MILLIONS of households are set for another blow today as the Bank of England is widely expected to raise interest rates for the FOURTH time.
Some experts are even forecasting that the Bank will go further and raise rates to 1.25%.
It’s a significant rise from December, when the Bank raised rates from a rock-bottom level of just 0.1%.
And it means more misery for households who are already grappling with a cost of living crisis.
Adrian Lowery, financial analyst at investing firm Bestinvest, said: “It seems pretty certain that greater danger of high inflation taking grip will force the monetary policy committee into raising the bank rate.”
The Bank of England typically puts up interest rates in a bid to help lower inflation.
That makes today’s increase all but certain – inflation is running at a 30-year high of 7% and is set to rise further.
This week, Halifax apologised after its wrongly emailed customers telling them the Bank had hiked rates days before its meeting.
Ross Boyd, chief executive at mortgage comparison site Dashly.com, said: “The Bank of England’s main job is to maintain inflation at 2% and it’s currently way, way beyond that.
“Household finances are already being squeezed from all angle and interest rate increases could see the cost of servicing certain forms of debt rise. There could be a brutal few months, or even years, ahead.”
Some experts also argue that raising rates isn’t appropriate during a cost of living crisis.
Hiking rates helps rein in inflation when it’s being caused by people splurging on non-essentials such as holidays and ramping up their borrowing just because it’s cheap.
Scott Taylor-Barr, financial adviser at Carl Summer Financial Services, said: “Raising interest rates may be the right way to tackle inflation when people are flush with cash, but that’s not where we are.
“We’re seeing inflation rise due to the sharp increases in essentials – food, energy and fuel. Adding to the pain seems unlikely to have much impact – unless the aim is to stop people eating and heating their homes.”
What does a rate hike mean for my finances?
Households with variable or tracker mortgages are likely to feel the effects of an interest rate hike quickest.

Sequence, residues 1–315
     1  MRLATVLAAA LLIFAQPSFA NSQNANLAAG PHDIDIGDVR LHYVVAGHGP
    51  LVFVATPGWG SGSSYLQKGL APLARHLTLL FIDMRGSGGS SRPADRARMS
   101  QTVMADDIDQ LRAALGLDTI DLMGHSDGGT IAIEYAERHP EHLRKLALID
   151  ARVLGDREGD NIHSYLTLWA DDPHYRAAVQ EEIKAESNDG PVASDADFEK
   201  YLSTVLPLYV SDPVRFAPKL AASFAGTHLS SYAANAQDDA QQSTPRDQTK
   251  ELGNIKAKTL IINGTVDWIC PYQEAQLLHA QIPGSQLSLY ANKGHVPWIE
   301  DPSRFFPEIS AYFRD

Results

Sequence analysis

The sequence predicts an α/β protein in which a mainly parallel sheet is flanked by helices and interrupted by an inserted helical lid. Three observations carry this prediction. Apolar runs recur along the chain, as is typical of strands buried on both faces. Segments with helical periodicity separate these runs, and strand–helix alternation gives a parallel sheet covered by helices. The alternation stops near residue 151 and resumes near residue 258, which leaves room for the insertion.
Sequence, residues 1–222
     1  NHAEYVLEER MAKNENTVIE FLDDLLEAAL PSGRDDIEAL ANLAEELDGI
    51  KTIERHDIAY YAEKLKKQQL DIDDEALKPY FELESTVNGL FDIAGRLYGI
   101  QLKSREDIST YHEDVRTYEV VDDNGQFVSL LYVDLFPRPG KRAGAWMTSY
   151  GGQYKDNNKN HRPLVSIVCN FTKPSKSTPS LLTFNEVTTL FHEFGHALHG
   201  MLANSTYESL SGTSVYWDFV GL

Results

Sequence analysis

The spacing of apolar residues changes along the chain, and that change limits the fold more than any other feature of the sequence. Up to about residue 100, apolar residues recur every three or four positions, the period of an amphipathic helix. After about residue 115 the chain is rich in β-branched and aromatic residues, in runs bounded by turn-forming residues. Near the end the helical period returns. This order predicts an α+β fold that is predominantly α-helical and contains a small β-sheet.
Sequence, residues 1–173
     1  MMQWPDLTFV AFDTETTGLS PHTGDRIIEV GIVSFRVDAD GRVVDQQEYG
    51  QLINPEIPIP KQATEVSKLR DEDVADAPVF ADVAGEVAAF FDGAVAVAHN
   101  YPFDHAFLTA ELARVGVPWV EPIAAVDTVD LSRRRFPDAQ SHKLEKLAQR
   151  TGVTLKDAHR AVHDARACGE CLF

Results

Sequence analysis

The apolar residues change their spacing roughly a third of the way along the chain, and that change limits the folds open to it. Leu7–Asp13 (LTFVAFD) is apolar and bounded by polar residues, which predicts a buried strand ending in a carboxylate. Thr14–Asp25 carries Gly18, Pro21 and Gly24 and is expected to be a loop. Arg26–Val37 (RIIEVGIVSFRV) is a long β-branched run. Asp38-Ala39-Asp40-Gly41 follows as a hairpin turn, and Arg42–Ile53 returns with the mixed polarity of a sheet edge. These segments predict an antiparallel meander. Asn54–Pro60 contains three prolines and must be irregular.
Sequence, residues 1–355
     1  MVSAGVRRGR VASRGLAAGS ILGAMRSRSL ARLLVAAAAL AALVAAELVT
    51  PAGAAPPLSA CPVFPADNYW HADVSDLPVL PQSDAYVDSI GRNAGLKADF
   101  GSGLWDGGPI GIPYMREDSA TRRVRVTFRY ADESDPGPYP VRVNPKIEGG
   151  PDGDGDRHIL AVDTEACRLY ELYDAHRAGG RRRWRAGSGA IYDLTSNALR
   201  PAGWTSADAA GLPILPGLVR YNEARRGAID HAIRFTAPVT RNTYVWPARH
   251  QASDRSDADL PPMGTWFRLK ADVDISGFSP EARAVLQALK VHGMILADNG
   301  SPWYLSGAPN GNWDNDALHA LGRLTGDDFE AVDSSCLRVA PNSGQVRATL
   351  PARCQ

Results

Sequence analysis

The interest rates on these mortgages are linked to the Bank’s base rate, so when that goes up, so do your monthly repayments.
According to figures from AJ Bell, if base rate goes up to 1%, it will increase repayments on a typical £250,000 mortgage by £32 a month – £384 a year.
If base rate goes up to 1.25%, repayments would rise by £64 a month – or a massive £768 a year.
If you have a fixed rate mortgage deal, then you won’t be affected by rate hikes.
But Boyd warns: “A lot of people are going to experience ‘rate shock’ when they next come to remortgage and find the days of rock-bottom interest rates are over.”
The interest rate on the average two-year fixed rate mortgage is now 2.11% – up from just 1.2% in September.
Laith Khalaf, head of investment at AJ Bell, said: “Anyone on a variable rate mortgage can still benefit from getting a fixed deal now, even if it is at a higher rate than if they had fixed last year.”
If you’re taking out other forms of debt such as a loan or credit card, there is also a chance you could see the interest rates on these go up.
Khalaf said: “Anyone with a decent credit rating should look to move their debt to a cheaper rate of 0% deal.
“Those who have poorer scores have find themselves trapped on higher cost debt. But it’s still important to look around for better rates or speak to experts such as Citizens Advice or debt charities.”
The main positive to interest rates rising is that it should mean you can earn more interest on your savings.
However, no savings accounts are currently offering interest that outstrips inflation, meaning money in the bank loses spending power.
The top-paying account is currently from Chase Bank and pays interest of just 1.5%.
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